Monday, 5 March 2018

CTF notes

Notes on doing some CTFs:

How to setup Vbox:

Grab an ubuntu image from osboxes.org
user:  osboxes 
pass:  osboxes.org

Inside your vmm, Install open ssh on your slave:
sudo apt-get install openssh-server

Open the right ports on host:
VBoxManage modifyvm asdf --natpf1 "ssh,tcp,,3022,,22"
ssh/sftp in:
ssh -p 3022 osboxes@127.0.0.1
 sftp -P 3022 osboxes@127.0.0.1

How to wget / curl:

curl url

wget posting data and saving/loading data to/from cookie

wget url --post-data="password=ee&user=hr" --save-cookies sc.txt
wget url --load-cookies=sc.txt

Also don't forget simple developer mode and google chrome.

Vulnerabilities check:

File Loading:

* Look for files that load other files or data
* Look for string replacing that can be bypassed

Login:

* Check for session state not being cleared properly.

File Execution:

* Check the execution path: Add things to the path.



Disassemble files:

* objdump -d  file > raw
* gdb file
  • r (run)
  • c (contine)
  • b X (breakpoint at function X)
  • si (step one place forwards)
  • info registers (what is in my registers

nginx configuration

server {
        listen 80;
        server_name nuclearcarrot.co.uk www.nuclearcarrot.co.uk;
        server_name_in_redirect off;
        root /srv/www/nuclearcarrot.com/nuclearcarrot/;
        access_log /srv/www/nuclearcarrot.com/logs/access.log;
        error_log /srv/www/nuclearcarrot.com/logs/error.log;
        rewrite  ^/$  /andyboot.html  permanent;
        rewrite ^/favicon.ico$ /img/favicon.ico last;
 
        # Dont expose hidden files to the web
        location ~ /\. {
                return 404;
        } 
I want to talk about my old nginx config file.
  • server_name = What urls it should listen to
  • root = where to serve static files from
  • rewrite = These are interesting - if a client asks for X we redirect them to Y instead. - Here it was used in a desperate attempt to get more SEO juice by redirecting / to my name.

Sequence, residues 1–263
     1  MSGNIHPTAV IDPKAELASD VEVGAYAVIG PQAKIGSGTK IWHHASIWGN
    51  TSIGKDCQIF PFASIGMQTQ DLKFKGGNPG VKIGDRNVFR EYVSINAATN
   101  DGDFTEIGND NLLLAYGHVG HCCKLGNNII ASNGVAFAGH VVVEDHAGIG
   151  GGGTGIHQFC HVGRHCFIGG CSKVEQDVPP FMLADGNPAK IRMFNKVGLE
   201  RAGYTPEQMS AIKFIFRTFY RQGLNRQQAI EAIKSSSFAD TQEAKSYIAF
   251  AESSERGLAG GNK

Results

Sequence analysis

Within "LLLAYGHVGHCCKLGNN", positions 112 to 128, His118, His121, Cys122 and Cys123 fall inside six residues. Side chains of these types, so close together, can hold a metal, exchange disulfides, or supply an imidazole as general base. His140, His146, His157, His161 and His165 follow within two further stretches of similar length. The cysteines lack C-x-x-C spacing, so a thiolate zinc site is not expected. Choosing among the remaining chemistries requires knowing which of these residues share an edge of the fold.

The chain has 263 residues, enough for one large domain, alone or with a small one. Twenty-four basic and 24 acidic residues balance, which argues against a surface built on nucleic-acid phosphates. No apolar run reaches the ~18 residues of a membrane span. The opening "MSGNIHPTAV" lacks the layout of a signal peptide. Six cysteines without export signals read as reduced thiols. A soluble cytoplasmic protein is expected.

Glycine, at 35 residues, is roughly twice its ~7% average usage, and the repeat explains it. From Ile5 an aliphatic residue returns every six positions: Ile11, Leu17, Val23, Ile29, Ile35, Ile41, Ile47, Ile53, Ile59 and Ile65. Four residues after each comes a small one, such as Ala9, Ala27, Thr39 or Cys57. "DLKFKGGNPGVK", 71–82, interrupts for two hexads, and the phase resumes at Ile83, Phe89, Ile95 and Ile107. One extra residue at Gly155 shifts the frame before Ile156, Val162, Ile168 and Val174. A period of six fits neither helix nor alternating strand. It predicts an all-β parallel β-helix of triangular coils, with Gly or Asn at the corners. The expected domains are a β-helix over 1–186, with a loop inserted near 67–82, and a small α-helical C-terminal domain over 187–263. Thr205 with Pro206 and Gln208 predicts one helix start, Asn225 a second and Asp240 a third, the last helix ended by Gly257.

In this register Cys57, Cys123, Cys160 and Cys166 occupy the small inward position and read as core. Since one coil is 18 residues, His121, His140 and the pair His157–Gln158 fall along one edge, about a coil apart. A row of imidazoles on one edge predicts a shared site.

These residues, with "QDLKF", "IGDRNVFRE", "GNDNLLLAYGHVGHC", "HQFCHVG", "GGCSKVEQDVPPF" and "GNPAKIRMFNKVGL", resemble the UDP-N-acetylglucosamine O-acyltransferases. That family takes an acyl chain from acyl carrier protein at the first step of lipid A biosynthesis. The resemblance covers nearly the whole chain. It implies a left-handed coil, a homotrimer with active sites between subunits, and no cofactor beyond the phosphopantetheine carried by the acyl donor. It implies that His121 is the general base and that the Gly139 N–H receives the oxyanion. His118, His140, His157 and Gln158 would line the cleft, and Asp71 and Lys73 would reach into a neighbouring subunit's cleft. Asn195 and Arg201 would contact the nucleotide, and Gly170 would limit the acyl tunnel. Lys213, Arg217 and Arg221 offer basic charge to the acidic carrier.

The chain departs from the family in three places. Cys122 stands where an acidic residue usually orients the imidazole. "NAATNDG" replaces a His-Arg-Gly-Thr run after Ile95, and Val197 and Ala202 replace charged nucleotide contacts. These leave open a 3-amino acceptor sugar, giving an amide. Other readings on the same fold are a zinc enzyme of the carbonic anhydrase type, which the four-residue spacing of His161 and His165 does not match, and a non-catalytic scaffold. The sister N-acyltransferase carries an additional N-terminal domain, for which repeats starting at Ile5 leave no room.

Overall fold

Wednesday, 7 February 2018

How to make things start automatically upstart

To run things on boot with upstart add a conf file to /etc/init/

Here is my windowfunctions conf file on my linode:


start on runlevel [2345]
stop on runlevel [!2345]

script
 chdir /home/andy/window_funcs/
 export PATH="/root/.cargo/bin:$PATH"
 export ROCKET_ENV="prod"
 echo "path is: $PATH"
 exec cargo +nightly run --release .
end script

To view the logs for upstart, all logs are stored in /var/log/upstart/:

cat /var/log/upstart/windowfunctions.log

Friday, 19 January 2018

track read & writes of a grep

listen to read & write calls mac:
sudo rwsnoop -n grep
 listen to read & write calls linux:
sudo strace -n grep

Wednesday, 8 March 2017

sysdig

To see system calls.

Primary resource for sysdig examples:
http://www.sysdig.org/wiki/sysdig-examples/

Get 5 seconds of system calls:
  • sudo timeout 5s sysdig -w hi.cap

Analise the file [use tab completion there are loads of functions]:
  •  IO reads & No. reads that failed: 
    • sysdig -r hi.cap evt.type=read
    • sysdig -r hi.cap evt.type=read and evt.failed = true | wc -l                    
  • Calls to IP:
    • sysdig -r hi.cap fd.ip=IP
  •  Top sys calls:
    • sysdig -r hi.cap -c topscalls
  • Speed of sys calls:
    • sysdig  -c spectrogram
 Or call sysdig directly without the snapshot file:
  • See http calls:
    • sudo sysdig -c httplog        
  • See busy containers
    •  sudo sysdig -c topcontainers_cpu    
  • See the top processes in terms of network bandwidth usage 
    • sysdig -c topprocs_net
  • View the list of containers running on the machine and their resource usage
    • sudo csysdig -vcontainers
 

Alternative:

* sudo strace
eg: to see calls made by a command:
*  sudo strace touch foo 

Monday, 6 February 2017

a hard crash / kernal panic


Many 0s in a log file show like this:
^@^@^@^@^@^@^@^@^@^@

.. Indicate a massive failure when writing the log. Probably kernal panic.

Check system level things
* /var/log/syslog   (all logs)
* /var/log/kern.log    (kernal logs)
* dmesg    (logs of kernal ring buffer - The IO for the kernal)

Wednesday, 26 October 2016

How 2 add new volume (disk) on AWS



AWS:

  • Search for correct instance. 
  • Copy instance ID
  • Note zone.

SSH to box:

  • Look at current mounted volumes:
    • ls /dev/xcd*

AWS:

  • Create a volume
    • In same zone as the instance
  • Attach volume to instance
    • Choose VOL_NAME that doesn't clash with above mounted vols (just increment the letter by one).

SSH to box and mount drive:

  • sudo fdisk /dev/VOL_NAME
  • # h -> for help
  • # p -> view existing partitioning scheme
  • # default whole volume partitioning steps:
  • # 1) n
  • # 2) p
  • # 3) enter, enter, enter
  • # 4) w


Format disk


  • Note: now VOL_NAME is partitioned the usable name will probably end in a 1
    • mke2fs -t ext4 /dev/VOL_NAME1


Attach new disk:

    • mkdir /NEWDIR
    • mount /dev/VOL_NAME1 /NEWDIR

Now add disk to fstab:

  • We will create another line mapping the new disk
  • To see the UUID of the disk
    • ls -l /dev/disk/by-uuid | grep VOL_NAME
  • The above is done in one command like this:
    • echo "UUID=$(ls -l /dev/disk/by-uuid/ | grep VOL_NAME | awk '{print $9}') /NEWDIR ext4 defaults 0 2" >> /etc/fstab